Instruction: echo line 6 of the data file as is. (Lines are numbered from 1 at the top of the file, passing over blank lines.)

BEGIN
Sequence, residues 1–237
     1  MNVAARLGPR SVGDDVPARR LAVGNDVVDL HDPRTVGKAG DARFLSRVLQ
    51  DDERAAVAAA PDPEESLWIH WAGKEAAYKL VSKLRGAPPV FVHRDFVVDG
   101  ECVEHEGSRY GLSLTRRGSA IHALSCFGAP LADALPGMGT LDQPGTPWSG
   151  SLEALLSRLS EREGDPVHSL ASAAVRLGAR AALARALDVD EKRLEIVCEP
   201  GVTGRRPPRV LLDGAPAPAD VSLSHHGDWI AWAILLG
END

   201  GVTGRRPPRV LLDGAPAPAD VSLSHHGDWI AWAILLG